dining2Dan Farver and Jeff Emery (above) have created a one-of-a-kind enterprise with Osocalis Distillery, based in Soquel. Photos by Keana Parker."You need time and patience," Emery said, describing how to make and enjoy a good brandy. He and partner Farver have been at this for more than two decades, for starters, and they know what they're doing. They also age the brandy in toasted, French oak barrels for years at a time, allowing the spirit to take on its deep brown hue and develop its distinctive flavor.

"It's a very expensive, very time consuming process," Farver says, noting that when he started Osocalis, he envisioned the project lasting generations.

"It tastes like a fine old piece of furniture smells," Emery says, only half joking. There is a certain class in drinking brandy, which, he added, is meant to be enjoyed slowly. Emery says he often enjoys a couple fingers of Osocalis or another brandy after dinner over a good book. Just a little bit goes a long way.

Another element, Emery explains, is the region. Although he and his partner stick to many of the conventions of Cognac, France, they diverge from them when it comes to the grapes they use.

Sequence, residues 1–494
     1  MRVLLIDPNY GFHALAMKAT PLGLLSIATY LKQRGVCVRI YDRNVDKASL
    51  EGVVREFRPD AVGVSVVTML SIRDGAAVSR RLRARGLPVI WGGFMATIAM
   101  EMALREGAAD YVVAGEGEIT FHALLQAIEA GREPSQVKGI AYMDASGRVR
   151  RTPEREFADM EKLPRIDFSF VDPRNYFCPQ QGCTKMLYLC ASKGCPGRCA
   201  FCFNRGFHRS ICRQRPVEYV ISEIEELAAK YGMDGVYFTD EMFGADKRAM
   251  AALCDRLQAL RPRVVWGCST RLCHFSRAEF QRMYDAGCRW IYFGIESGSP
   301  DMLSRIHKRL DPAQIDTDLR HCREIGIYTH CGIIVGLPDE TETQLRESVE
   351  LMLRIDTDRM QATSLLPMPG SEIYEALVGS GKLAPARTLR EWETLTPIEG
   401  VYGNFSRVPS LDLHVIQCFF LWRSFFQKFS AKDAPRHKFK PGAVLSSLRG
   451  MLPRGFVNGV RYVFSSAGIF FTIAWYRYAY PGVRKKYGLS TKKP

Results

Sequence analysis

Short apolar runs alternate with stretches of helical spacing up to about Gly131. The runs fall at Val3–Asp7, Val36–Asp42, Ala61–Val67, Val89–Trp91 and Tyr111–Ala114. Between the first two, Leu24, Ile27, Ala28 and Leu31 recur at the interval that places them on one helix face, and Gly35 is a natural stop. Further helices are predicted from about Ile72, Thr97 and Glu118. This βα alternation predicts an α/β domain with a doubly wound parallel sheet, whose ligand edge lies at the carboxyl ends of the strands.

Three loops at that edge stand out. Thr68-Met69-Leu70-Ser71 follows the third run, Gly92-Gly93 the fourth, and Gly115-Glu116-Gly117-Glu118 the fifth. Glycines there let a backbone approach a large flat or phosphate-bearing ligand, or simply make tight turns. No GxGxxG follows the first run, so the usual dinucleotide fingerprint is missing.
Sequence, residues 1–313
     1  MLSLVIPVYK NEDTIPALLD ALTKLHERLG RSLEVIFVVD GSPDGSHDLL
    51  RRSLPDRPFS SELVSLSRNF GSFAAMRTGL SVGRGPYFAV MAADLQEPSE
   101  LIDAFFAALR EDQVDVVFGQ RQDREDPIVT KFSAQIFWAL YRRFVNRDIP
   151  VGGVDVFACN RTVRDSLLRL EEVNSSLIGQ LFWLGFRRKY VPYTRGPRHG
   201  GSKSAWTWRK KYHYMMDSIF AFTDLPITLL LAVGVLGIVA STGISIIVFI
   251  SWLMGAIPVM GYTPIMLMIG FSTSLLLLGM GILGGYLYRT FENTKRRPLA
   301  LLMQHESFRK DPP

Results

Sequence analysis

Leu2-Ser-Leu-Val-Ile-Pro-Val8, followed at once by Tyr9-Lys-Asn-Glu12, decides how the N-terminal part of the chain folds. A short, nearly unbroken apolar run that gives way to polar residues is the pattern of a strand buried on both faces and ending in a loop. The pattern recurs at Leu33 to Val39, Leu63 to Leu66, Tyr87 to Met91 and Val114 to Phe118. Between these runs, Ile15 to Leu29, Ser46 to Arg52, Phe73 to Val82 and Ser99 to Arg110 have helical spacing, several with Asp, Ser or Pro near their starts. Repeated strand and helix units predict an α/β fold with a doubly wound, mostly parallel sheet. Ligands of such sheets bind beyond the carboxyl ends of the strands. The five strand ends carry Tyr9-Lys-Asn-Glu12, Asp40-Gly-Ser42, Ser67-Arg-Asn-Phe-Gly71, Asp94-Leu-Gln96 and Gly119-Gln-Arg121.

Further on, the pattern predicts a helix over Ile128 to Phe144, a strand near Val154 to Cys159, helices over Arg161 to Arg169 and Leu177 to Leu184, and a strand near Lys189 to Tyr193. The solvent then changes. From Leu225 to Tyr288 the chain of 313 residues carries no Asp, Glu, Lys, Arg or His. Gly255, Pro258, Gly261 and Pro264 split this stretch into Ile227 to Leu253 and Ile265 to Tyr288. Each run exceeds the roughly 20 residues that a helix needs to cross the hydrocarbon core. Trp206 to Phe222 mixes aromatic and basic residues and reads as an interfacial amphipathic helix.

A quality Cognac will often be described as "spice with some fruit," Emery says. But with Osocalis, he says it's just the opposite — "fruit with some spice."

"With our climate, we get so much more fruit character in the grapes, because it's warmer here," says Emery, who is also the owner of Santa Cruz Mountain Vineyard. The Osocalis line of brandies are made starting with a base wine produced largely from Colombard grapes, grown in the North Bay Area — the Russian River and Suisun Bay regions mostly. That wine is distilled down into a clear spirit, which is then aged.

Farver agrees. "Over the decades we've really come to realize that we're working with truly unique fruit," he says, referring to the Santa Cruz and Bay Area grape-growing regions where he said the cool air make for a much higher acidity than in just about any other place on the planet. And the variety of micro-climates in Northern California means that vintners and fruit growers can quite literally "tune" what they grow.